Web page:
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Jeremy Corbyn and Theresa May: He knew her previous offers of cross-party talks were false; under what conditions will he accept new talks now?

An extraordinarily lengthy cabinet meeting saw Conservatives spending seven hours hatching a plan to spend the next few weeks… finding a way to blame Labour for any continued deadlock.

That is the meaning behind the announcement that Theresa May will – at last – seek talks with Jeremy Corbyn on a way to break the “logjam”, as she has described the Parliamentary impasse over the manner in which the UK is to leave the European Union.

She has painted herself into a corner by agreeing a unilateral deal with the EU, based on the “red lines” regarding immigration and other matters that she imposed arbitrarily – and then failing to win support for it, even among members of her own party.

She had spurned offers of talks from Labour leader Jeremy Corbyn in the past. It seems clear that the only reason she is turning to him now is desperation – having put the entire country in an untenable position, she wants sham talks with Labour in order to set up the Opposition party as a scapegoat.

We already know she does not intend to vary or erase her “red lines”, which suggests a certain bad faith on her part before starting.

Politics academic Luke Cooper has said it should be easy to reach a deal, as the main difference between her plan and that of Mr Corbyn is semantic – they both want a customs union of some kind with the EU; they just call it different things.

But he tweeted that there is no support for it in the Conservative Party or among the cabinet that would have to pass the legislation that would make it possible.

This is borne out by the resignation of Nigel Adams as a Wales Office minister – exactly because he fears the UK would end up in a permanent customs union with the EU.

In addition, a Tory-Labour deal kills off the prospect of an early general election, which is Labour’s principal policy objective. Party members and voters would deplore what they would see as collusion with the Tories.

What’s more, Mrs May has said she won’t change the Withdrawal Agreement, so it’s only the Future Relationship declaration that is up for change, and those changes are not legally binding. Mrs May has said she’ll resign after getting this part of Brexit through Parliament and she’ll most likely be replaced by a Brexiteer who would not honour changes made to mollify Labour.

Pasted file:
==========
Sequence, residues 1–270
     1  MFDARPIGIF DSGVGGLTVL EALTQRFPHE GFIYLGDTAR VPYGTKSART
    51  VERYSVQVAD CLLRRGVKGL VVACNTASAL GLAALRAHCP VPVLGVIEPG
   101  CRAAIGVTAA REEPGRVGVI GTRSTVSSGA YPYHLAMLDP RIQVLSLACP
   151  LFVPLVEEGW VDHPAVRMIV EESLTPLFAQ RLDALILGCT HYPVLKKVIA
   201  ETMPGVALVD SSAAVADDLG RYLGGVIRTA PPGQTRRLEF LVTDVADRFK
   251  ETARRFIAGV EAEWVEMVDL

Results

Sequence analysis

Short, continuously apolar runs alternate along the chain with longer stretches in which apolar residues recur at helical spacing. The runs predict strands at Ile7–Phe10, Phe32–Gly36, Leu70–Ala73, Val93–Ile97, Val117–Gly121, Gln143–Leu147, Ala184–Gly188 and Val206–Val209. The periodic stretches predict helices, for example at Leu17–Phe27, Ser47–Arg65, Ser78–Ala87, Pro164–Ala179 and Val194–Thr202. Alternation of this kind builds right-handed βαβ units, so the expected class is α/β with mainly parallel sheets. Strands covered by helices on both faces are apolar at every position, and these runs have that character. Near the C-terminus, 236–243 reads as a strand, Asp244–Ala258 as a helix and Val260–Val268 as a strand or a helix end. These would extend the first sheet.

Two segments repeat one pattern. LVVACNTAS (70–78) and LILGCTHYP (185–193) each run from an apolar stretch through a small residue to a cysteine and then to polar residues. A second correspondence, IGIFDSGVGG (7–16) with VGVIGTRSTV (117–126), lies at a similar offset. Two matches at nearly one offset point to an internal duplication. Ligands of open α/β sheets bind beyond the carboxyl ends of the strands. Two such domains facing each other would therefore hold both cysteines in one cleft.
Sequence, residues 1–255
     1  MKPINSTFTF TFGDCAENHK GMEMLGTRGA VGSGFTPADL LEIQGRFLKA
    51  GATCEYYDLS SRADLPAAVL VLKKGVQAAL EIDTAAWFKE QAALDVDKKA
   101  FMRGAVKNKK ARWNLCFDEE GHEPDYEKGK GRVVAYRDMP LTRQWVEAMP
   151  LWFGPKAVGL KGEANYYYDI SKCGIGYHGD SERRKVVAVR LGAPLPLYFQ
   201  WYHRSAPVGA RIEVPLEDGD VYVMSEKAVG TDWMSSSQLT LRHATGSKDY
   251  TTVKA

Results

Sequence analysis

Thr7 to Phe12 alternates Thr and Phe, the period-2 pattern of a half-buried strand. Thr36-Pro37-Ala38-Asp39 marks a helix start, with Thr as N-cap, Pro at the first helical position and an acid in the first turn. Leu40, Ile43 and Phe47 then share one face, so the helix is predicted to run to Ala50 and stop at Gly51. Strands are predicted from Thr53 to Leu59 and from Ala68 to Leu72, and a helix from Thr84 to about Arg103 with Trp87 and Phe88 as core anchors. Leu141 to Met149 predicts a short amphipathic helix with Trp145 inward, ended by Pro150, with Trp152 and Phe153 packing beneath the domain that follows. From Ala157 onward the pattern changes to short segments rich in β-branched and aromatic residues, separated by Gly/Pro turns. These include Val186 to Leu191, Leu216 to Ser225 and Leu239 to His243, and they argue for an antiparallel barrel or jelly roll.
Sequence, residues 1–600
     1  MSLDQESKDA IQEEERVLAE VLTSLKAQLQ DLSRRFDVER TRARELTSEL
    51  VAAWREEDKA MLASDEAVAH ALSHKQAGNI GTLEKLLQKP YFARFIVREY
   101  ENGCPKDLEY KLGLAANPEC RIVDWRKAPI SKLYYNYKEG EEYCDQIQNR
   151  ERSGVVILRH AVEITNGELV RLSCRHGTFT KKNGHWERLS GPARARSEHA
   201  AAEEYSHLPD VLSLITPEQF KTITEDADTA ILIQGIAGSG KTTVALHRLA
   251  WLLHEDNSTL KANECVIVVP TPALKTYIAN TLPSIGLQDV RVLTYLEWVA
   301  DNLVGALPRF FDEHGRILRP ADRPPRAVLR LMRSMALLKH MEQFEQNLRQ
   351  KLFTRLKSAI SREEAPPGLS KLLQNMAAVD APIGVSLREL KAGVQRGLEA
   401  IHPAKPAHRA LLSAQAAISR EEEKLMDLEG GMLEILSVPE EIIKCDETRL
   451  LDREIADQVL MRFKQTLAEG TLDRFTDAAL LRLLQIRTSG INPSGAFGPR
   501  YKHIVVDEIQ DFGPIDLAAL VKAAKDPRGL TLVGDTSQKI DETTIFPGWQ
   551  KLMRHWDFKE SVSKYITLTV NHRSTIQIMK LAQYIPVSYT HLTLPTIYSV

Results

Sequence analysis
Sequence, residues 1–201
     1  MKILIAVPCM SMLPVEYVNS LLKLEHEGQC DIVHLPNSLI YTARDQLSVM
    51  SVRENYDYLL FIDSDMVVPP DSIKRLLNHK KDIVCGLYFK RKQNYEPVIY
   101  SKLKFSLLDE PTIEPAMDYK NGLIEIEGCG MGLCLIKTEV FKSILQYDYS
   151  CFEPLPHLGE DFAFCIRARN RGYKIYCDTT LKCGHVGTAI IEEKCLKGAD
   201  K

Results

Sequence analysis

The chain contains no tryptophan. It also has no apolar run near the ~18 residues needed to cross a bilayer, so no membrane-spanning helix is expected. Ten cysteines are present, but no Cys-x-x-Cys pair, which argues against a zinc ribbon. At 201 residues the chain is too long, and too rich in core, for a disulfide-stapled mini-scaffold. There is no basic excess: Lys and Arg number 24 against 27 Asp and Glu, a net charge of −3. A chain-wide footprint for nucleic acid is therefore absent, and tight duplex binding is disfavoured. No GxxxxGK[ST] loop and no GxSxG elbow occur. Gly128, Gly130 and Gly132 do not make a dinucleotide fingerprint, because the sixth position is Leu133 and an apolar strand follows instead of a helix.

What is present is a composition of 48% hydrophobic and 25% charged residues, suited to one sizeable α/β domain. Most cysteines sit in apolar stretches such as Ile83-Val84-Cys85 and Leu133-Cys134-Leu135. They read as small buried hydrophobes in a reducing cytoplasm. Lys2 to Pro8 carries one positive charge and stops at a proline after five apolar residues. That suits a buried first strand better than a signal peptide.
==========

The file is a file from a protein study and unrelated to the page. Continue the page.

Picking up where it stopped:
Mrs May has agreed to be bound by the decision of the House of Commons, and is demanding that Labour be bound by it too. But she can’t tie the hands of a future leader, and Jeremy Corbyn knows that.

Arch-remainer Andrew Adonis reckons the May offer is another trick:

It’s true that she wants a deal with Labour in order to make it possible for the UK to leave the EU on May 22 – without having to participate in EU elections. It does make another ultimatum possible – and she likes this kind of brinkwomanship, even though it hasn’t helped her at all.

Jim Pickard, political editor of the Financial Times, has said shadow cabinet members don’t believe Mrs May’s offer is genuine:

Other Labour MPs know the score too:

Even the Conservative government’s partners, the DUP, have expressed scepticism. Here’s that party’s statement:

“It remains to be seen if sub-contracting out the future of Brexit to Jeremy Corbyn, someone whom the Conservatives have demonised for four years, will end happily.” Indeed.

And the DUP is dead-set against any form of customs union because that party considers such an arrangement to be bringing the re-integration of Northern Ireland with the Republic of Ireland closer. That’s one reason Mrs May is having to reach out to Labour now.

Here’s National Union of Students vice-president Ali Milani:

Here’s tax justice campaigner Richard Murphy:

And the general public know the score too:

As a politician, Jeremy Corbyn’s course is clear. He cannot reject Mrs May’s offer outright, because that would certainly bring down the wrath of the Conservative-supporting mass media on him.

So he must take the initiative away from her. She is demanding talks with him on her terms, and her terms alone. That is not acceptable. Mr Corbyn needs to announce a few terms of his own.

If Mrs May cannot accept them, then responsibility for the mess she has made of Brexit remains on her shoulders – where it belongs.


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